As you’d expect from a Forrester analyst, this is Peter O'Neill by the way, I travel a lot— about 40% of my working days. But it is also amazing how a full week spent in the home office can still feel so busy! These days, social media keeps you in the discussion mainstream – perhaps even more so than if you are on the road because you have more time to engage. Bob Apollo, at the UK-based consultancy Inflexion-Point Strategy Partners, even tweeted me privately this week with the message, “And you a VP at Forrester, reading my stuff, an 'umble blogger... I'm not worthy...” after I told him that I enjoyed his tweets and found them useful. Well, even as a fully fledged analyst for tech marketers, I continue to be eager to learn from anybody else. And I do this without any fear of appearing to copy others — here in Germany, a popular government minister has now resigned because he plagiarized the majority of his doctorate dissertation years ago; bad enough itself, but he initially denied it when discovered.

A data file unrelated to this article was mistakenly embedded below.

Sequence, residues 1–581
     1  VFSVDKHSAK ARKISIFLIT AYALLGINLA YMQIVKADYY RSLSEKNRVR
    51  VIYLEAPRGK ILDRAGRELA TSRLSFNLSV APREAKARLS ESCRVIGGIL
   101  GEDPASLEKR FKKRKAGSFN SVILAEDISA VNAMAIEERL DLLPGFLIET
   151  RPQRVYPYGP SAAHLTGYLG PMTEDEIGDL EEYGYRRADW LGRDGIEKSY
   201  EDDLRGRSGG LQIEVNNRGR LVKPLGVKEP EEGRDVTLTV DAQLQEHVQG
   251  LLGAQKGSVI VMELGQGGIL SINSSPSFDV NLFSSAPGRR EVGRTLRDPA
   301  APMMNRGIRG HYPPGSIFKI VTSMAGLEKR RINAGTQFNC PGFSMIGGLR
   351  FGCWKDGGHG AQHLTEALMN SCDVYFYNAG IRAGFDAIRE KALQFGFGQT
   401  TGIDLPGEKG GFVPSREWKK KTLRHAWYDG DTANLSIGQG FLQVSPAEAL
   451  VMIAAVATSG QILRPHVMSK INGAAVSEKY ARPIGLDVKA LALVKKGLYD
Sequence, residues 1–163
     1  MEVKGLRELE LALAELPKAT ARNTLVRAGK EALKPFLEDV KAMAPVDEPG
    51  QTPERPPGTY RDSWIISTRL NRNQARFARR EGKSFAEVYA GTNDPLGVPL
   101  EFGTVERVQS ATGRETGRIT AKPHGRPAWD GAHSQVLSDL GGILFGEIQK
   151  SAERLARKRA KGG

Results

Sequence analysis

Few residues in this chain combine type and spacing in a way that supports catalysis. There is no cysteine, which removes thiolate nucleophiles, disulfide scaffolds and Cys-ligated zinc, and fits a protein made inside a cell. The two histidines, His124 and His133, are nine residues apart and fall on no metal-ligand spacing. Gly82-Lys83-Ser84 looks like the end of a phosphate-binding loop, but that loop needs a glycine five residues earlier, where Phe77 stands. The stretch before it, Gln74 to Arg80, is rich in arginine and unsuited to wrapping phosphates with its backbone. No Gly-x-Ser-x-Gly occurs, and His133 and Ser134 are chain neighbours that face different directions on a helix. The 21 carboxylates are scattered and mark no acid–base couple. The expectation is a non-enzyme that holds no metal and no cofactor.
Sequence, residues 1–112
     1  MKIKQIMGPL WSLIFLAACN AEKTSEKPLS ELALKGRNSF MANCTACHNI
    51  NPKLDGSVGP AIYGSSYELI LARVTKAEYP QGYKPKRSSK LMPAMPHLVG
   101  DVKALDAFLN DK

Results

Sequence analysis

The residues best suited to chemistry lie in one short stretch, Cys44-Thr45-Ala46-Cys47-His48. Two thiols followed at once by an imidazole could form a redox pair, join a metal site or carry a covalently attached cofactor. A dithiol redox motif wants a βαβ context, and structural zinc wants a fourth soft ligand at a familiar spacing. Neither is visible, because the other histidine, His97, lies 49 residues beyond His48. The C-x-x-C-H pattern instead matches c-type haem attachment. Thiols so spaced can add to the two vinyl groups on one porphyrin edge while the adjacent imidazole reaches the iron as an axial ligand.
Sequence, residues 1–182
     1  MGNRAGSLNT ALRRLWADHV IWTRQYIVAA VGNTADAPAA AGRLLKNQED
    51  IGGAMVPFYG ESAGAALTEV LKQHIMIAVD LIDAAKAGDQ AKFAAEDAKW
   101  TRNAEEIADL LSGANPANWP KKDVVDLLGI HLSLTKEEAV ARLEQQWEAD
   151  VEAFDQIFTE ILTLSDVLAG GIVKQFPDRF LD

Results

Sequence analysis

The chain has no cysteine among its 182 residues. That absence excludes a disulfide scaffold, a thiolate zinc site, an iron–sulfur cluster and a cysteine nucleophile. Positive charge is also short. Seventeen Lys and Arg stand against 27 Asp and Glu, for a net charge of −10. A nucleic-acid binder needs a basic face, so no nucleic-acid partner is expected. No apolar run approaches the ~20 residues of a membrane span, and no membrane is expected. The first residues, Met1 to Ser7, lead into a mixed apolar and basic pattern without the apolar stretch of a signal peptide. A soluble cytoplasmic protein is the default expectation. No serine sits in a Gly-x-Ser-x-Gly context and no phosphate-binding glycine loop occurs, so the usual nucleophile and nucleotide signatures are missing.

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Data Digest: The Social Networks Young Consumers Use

Reineke Reitsma

Young consumers are now almost always connected to media — which would rationally lead you to think that the more times and places they are connected, the more ways there are (and the easier it is) to interact with them. This is where market researchers need to step in and push their companies to dig deeper than just measuring the time spent on a media channel. They need to truly understand these consumers' core motivations for using it.

Earlier this week my colleague Jackie Anderson published a report 'Understanding The Intricate Digital Behaviors Of Young Consumers', that looks into this in detail. Some interesting findings from Forrester's North American Technographics Youth Survey Q3, 2010 shows that youngsters are highly active on social networking sites.

More than 90% of 12- to 17-year-olds who are active on social networks have an account on Facebook, which is their go-to social network, no doubt. But they haven't completely abandoned other networks: almost 40% have an account on both Facebook and Myspace.